Go carbon steel, cck 1303 cleaver from chefsmall.net very nice, a victorinox paring knife, victorinox bread knife, robert herder carbons steel petty, anything be moritaka hamono as long as you can sharpen, richmond artifex gyuto. avoid mainstreem german knifes, too thick, thinner knifes sharpen better and dont wedge in the cut plus german steel is soft. visctorinox is a good budget buy, try nogent sabatier for french. and get a crock stick sharpener.Posted 4 years agosomafunkSubscriber
As others have said TK-Maxx is worth a look, i recently bought a Kai santuko and a small Kai utility knife in their kitchenware sales dept for less than £20, they may be the bottom of the Kai range but still £70+ in the shops – and whatever you buy do not keep them in a drawer banging against other knives or in a block but hang them off a magnetic rack and buy a good stone or steel and use it every so often.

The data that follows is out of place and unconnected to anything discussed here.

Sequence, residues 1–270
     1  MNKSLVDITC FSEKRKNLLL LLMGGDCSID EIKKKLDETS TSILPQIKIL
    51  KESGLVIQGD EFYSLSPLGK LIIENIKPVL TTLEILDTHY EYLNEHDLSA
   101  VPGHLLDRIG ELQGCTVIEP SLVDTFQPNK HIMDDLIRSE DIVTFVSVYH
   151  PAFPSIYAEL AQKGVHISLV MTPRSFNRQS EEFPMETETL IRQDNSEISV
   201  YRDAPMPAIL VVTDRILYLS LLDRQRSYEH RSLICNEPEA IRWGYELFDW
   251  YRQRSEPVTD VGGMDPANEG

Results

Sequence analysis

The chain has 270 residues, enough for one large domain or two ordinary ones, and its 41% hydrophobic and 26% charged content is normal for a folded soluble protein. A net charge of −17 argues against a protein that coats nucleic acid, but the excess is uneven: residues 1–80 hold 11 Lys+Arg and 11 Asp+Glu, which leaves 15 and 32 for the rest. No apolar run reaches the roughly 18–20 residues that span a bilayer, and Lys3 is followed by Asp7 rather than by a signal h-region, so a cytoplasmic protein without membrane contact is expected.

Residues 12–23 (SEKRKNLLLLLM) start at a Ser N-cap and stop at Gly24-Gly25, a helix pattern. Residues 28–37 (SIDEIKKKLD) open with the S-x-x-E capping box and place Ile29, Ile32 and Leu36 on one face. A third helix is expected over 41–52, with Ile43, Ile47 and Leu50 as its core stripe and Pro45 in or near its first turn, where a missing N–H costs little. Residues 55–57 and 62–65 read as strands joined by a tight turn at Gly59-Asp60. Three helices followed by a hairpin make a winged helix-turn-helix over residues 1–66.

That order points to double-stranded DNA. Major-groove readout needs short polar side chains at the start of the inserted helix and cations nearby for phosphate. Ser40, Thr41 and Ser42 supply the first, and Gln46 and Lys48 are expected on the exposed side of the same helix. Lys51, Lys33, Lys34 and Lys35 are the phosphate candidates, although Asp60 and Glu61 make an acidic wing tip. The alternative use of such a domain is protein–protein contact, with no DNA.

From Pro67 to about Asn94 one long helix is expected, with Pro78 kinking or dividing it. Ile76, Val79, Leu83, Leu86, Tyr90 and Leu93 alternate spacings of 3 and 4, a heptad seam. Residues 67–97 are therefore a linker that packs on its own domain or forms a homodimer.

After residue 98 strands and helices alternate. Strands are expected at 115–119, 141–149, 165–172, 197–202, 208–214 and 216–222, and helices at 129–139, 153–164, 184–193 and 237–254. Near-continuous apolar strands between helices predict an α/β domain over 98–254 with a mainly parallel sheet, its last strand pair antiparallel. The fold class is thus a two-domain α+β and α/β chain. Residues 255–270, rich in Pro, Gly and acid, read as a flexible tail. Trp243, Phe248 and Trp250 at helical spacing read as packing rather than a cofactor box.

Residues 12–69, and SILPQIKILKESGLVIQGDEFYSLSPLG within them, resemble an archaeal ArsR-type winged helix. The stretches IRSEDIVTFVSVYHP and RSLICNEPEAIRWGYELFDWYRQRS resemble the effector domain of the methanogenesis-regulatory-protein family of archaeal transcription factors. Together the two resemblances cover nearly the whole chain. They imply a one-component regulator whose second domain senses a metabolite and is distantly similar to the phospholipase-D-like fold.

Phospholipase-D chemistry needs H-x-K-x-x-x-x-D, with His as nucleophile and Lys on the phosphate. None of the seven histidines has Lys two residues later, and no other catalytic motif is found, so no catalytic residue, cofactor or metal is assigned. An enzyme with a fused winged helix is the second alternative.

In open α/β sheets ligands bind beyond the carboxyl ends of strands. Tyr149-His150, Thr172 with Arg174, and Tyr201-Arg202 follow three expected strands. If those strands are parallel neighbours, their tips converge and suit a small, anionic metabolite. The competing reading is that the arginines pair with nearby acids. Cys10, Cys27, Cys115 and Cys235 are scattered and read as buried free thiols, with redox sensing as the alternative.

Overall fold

Posted 4 years agoLazgoatMember
I got a set of knives from Edenwebshops.co.UK. Theynstockbthe Whustoff range if you fancy them. I bought their own Eden Quality branded knives, the Classic Damast still ones. They are excellent value exceptionally sharp and well made. Then only downside to Damast steel is that it it is incredibly brittle so don’t drop the knives!Posted 4 years agopopstarMember
Good start into Japanese knive would be Tojiro DP range. VG10 steel and dishwasher safe etc they aren’t that expensive. Fancy Damascus or Carbon steel require more niché maintenance, they may look more exquisite but cost more. And most important to master is actually your sharpening skillz, waterstones FTW.
You might want to spend some time researching about secrets of metal tech and intended use etc, but that would take you a lot of time. Just buy Tojiro and be smug over Euro-style knife users.Posted 4 years agoprettygreenparrotSubscriber
some of these knives look very nice.
I’ve had a few different knives over the years. I even had some of those hilarious ‘ever sharp’ ones with the ridged blades back in the day. Useless.